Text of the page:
Business, Economics, Law, and Policy
Social Impact Leadership Series
The landscape of social impact funding in India has been rapidly changing, and private equity and impact investing funding are growing. There is a broad trend emerging in India that looks beyond traditional philanthropy to newer methods of impactful engagement. This includes but is not limited to CSR, social entrepreneurship, impact investing, and other alternative funding models.
The Rustandy Center for Social Sector Innovation at Chicago Booth aims to hold a public event on this topic with the intent to address the issues with thought leaders and influence practice. A panel discussion on social impact funding to include philanthropists, private equity professionals, and impact investors will also be hosted.
The key faculty organizers of this project are Robert H. Gertner, Faculty Director, The Rustandy Center for Social Sector Innovation at Chicago Booth; and Caroline Grossman, Director Strategic Initiatives, The Rustandy Center for Social Sector Innovation at Chicago Booth, and Adjunct Asst. Prof. of Strategy, Chicago Booth.
Characterizing the Skill Space in India’s Urban Informal Labor Market
The vast majority of India’s labor force is comprised of informal workers. Apart from the lack of employment/social security benefits, such workers are also characterized by high barriers to job entry and low job mobility. Whereas in formal labor markets worldwide, there are pathways to advertise skills required for different jobs and skills possessed by different workers, the skill space of informal workers in India is silent. This project is a pilot study to understand and characterize the skills and opportunities space, starting with an urban Indian environment like Delhi. Computer science techniques will be used to survey employers of informal workers on the demand side and prospective workers on the supply side.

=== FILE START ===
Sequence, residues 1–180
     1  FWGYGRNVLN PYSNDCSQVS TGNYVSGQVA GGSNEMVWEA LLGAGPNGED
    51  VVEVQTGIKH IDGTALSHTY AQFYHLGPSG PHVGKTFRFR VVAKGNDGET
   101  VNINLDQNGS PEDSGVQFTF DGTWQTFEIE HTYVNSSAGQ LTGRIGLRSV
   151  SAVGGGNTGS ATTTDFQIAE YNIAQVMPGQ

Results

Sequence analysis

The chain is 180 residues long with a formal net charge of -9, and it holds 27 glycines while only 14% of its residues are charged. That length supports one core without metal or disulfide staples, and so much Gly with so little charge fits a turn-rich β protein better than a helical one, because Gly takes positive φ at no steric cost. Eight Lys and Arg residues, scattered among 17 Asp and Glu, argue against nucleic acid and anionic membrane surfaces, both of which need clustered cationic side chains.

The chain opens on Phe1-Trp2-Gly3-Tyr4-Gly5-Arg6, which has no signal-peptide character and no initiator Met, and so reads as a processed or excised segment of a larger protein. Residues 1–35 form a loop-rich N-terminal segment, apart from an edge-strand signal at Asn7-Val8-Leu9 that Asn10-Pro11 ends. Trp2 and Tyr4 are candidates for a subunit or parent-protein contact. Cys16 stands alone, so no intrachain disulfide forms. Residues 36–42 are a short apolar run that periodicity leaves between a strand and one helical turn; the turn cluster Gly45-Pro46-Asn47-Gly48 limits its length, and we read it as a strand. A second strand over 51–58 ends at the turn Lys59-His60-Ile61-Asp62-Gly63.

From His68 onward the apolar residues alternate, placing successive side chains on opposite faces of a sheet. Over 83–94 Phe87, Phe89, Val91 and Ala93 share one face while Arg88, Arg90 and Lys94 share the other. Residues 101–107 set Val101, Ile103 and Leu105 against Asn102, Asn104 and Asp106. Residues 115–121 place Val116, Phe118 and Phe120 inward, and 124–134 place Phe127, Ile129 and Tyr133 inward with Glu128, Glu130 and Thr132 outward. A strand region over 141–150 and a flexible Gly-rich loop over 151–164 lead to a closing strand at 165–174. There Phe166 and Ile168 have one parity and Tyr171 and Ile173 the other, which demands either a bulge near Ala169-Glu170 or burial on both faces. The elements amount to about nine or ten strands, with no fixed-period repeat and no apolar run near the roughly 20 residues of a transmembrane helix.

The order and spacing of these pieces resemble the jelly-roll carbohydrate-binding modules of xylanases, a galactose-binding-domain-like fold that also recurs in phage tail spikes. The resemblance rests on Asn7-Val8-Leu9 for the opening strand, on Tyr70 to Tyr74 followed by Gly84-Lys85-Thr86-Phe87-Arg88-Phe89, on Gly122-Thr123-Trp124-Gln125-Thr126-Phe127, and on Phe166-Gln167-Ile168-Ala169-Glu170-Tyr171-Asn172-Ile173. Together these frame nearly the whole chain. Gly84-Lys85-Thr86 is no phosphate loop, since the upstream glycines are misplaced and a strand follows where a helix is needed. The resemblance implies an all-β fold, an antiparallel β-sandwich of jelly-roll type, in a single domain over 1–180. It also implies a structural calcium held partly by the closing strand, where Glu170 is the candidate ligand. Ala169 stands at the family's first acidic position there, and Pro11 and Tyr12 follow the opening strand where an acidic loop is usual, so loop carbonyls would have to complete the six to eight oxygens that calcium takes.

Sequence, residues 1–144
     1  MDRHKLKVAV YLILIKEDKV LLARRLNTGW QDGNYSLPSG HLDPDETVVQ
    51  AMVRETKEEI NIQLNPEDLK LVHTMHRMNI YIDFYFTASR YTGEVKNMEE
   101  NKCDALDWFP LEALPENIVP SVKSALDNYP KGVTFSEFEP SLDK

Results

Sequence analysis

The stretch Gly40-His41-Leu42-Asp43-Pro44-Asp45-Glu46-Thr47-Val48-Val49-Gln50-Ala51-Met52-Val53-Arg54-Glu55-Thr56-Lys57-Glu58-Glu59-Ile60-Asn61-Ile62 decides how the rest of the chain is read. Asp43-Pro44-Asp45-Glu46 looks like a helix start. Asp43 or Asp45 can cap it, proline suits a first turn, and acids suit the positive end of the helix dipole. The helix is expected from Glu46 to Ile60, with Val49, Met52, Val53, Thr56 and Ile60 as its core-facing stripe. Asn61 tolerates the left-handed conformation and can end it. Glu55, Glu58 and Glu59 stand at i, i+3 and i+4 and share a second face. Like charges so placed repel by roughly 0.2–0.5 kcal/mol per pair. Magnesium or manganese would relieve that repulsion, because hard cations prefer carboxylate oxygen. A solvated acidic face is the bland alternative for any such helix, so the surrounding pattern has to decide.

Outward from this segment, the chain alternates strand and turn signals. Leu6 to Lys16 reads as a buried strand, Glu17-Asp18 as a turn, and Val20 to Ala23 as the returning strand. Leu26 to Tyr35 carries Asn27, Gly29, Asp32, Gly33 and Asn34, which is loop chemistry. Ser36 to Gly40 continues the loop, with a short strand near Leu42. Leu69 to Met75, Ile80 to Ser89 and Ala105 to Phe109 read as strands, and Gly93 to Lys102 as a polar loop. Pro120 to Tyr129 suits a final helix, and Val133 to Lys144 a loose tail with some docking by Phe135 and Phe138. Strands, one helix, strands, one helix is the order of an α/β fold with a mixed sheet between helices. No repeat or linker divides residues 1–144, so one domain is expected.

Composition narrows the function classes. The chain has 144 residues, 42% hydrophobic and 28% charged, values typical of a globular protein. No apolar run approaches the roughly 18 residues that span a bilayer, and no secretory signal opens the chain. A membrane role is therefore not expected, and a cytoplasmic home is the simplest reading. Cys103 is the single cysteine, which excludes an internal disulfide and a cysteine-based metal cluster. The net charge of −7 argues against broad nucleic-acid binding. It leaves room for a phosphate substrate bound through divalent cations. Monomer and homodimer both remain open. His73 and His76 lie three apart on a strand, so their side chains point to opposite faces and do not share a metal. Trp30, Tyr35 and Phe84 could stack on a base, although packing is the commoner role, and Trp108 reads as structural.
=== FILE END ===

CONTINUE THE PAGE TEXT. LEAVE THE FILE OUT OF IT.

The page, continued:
The principal faculty organizer of this project is James Evans, Associate Professor of Sociology, University of Chicago in collaboration with Sarthak Gaurav, Indian Institute of Technology, Bombay and Amitabh Chaudhary, University of Chicago
Games to Advance Gender Equality amongst Youth in India
India has a long and well-documented history of playing games. Interest in games cuts across age, gender, and socioeconomic status. Ci3, an interdisciplinary research center at the University of Chicago, aims to leverage the Indian gaming culture to promote gender equality. This project aims to develop and test a novel-game based intervention with Indian youth. It will be implemented in partnership with MAMTA- HIMC, an India-based public health organization, focused on improving adolescent sexual and reproductive health, and rights. Ci3 and MAMTA –HIMC plans to host a week-long gaming workshop including the research protocol, workshop curriculum, and materials at the UChicago Center in Delhi.
The goal of this project is to learn more about the use of games for improving gender norms in India. The game will then be assessed using pre and post-tests in slum areas of Delhi to get pilot data on its effects on attitudes, norms and behavioral intentions regarding gender norms.
Key faculty organizers of this project are Melissa L. Gilliam, MD, MPH, The Ellen Block Professor of Health Justice, Vice Provost, Academic Leadership, Advancement, and Diversity, University of Chicago; Alicia S. Menendez, Research Associate (Assistant Professor), Harris School of Public Policy, University of Chicago in collaboration with Ci3 team and MAMTA- HIMC.
New Data Collection for Empirical Study of the Indian Supreme Court
This project is a collaboration among researchers at the University of Chicago and universities in India and the United States. This project will provide a wealth of information on the functioning of the Court, its effects on litigants, and the behavior of its judges. The Indian Supreme Court has been called “the most powerful court in the world” for its wide jurisdiction, its expansive understanding of its own powers, and the billion plus people under its authority. Yet for an institution that exercises immense public power and enjoys a high degree of legitimacy, no account exists of who was approaching the Court in these cases, for what purposes, and with what level of success.